We all have that moment in college where we cram for next-day quizzes and exams. Pulling an all-nighter and stuffing our memory boxes with all the information that we can shove in hoping that on the next day it will not disappear into thin air, but as much as you wish that it will not happen some of the important information you memorized will be forgotten. Your time spent studying the previous night is now wasted and expect to get a low score unless you’re lucky.
Mental fatigue is a condition reflected to mental exhaustion due to excessive cognitive activity. According to a test study, fatigue occurs after 2 hours straight of doing cognitively demanding tasks. It doesn’t only affect your decision making ability, but it also has an impact in your health. So imagine your life as a college student, you will spend most of your time in school doing all cognitive-related activities and spend the night reviewing all you learned that day for a quiz next day. Dreading, right? If you haven’t experienced mental exhaustion in college, are you even present at most times?
These top three learning techniques will help ease your way through effective learning.
The Pomodoro Technique
The Pomodoro technique was introduced by Francesco Cirillo during the 1980s. It is a time management technique that aims to help users to maximize their focus and creativity by manipulating their time on doing projects faster with less mental stress. It was named “pomodoro” an Italian term of tomato, after the tomato-shaped kitchen timer that Cirillo used during his university days as a student. As I mentioned, prolonged cognitive activities can cause mental fatigue. To avoid that, Cirillo developed this wonderful technique where you get to rest your brain during short breaks.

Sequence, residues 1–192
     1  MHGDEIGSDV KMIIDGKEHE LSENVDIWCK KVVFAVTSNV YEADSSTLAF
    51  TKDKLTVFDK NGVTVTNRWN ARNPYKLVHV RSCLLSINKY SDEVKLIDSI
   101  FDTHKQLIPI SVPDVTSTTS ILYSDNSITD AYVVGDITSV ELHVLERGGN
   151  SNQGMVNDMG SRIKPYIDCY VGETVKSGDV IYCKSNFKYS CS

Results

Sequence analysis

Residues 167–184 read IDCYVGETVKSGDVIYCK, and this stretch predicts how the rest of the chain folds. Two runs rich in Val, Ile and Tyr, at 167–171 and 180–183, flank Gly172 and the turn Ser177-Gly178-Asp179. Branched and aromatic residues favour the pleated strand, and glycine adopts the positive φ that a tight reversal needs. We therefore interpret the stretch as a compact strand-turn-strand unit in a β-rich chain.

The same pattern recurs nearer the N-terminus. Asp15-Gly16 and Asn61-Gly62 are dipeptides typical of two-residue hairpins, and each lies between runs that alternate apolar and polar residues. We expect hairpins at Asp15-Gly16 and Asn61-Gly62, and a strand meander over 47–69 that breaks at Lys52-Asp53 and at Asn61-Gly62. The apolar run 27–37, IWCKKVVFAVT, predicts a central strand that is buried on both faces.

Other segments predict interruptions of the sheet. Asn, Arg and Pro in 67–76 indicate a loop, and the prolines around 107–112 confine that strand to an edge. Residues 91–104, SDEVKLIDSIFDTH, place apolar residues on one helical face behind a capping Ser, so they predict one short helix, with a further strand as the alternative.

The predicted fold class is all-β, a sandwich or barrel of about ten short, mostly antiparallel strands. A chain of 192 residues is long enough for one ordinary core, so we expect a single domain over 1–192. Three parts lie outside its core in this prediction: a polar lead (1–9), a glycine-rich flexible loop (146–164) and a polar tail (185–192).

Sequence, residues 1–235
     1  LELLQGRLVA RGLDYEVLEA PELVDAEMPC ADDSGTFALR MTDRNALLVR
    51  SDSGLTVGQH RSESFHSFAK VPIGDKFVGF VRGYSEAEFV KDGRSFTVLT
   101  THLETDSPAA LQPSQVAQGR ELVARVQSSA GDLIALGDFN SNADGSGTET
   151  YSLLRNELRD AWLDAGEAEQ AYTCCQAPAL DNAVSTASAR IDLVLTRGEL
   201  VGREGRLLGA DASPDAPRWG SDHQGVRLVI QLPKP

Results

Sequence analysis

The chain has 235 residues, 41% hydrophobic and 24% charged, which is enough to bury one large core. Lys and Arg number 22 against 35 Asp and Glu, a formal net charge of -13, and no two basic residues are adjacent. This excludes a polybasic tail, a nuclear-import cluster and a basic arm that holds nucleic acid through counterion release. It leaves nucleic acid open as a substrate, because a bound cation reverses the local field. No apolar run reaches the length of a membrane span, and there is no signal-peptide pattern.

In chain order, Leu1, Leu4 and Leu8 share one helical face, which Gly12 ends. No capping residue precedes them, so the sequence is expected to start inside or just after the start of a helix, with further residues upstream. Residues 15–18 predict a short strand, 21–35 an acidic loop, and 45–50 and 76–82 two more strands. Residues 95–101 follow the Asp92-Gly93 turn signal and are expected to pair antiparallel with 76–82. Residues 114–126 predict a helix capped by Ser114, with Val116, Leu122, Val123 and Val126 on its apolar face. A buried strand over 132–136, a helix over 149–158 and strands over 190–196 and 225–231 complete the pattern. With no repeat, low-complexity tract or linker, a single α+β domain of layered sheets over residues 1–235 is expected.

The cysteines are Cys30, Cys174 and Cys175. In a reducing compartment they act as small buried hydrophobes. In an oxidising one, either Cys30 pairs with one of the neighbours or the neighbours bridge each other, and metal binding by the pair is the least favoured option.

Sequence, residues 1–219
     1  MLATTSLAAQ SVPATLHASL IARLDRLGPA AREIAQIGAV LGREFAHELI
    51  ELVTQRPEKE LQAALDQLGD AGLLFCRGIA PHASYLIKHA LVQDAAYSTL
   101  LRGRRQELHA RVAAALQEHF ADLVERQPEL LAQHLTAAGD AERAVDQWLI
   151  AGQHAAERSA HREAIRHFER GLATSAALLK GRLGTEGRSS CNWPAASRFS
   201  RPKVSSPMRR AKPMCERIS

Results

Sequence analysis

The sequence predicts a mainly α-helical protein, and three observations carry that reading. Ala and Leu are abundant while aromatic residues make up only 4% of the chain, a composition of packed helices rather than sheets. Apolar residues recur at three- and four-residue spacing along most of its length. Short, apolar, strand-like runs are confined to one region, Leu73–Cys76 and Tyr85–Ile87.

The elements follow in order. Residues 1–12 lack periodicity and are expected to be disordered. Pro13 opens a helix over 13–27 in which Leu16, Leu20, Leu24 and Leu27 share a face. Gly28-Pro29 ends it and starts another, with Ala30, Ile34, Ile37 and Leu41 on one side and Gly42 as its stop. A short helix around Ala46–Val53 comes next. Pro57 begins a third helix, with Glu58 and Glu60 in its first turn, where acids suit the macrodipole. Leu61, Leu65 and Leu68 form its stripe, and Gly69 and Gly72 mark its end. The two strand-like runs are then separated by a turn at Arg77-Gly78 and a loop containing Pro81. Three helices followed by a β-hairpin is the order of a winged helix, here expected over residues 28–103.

How it works:
- Lay out the task you need to be done.
- Set the Pomodoro timer for 25 minutes. (Note: If you don’t have kitchen timer don’t freak out, there’s a lot of app or software you can use that follows this techniques or you can manually monitor your time using your alarm clock)
- Work on the task (Note: Try to focus doing the task for straight 25 minutes without interruption)
- Stop your work when the timer rings.
- Set a 5 minutes break to allow your brain to rest. After the short break, go back to step number 2 & 3. (Note: Within the short breaks, I normally do menial tasks or quick household chores to exercise my muscles from too much sitting or engage myself to a 5-minute plank exercise to keep me awake)
- After four pomodoros (four 25 minutes focused study), take a long break for 20 minutes. Then after the long break, you can start again back to step number 1 until you finish your task
This learning technique helps in finishing each assignments and tasks not only in college but also with work and personal activities. Ultimately, this technique has been widely used even with relevant personalities which prove that this technique can be effective. If you haven’t tried this one, you might want to give it a go and test the effectiveness yourself. If not, you might want to try the next learning techniques.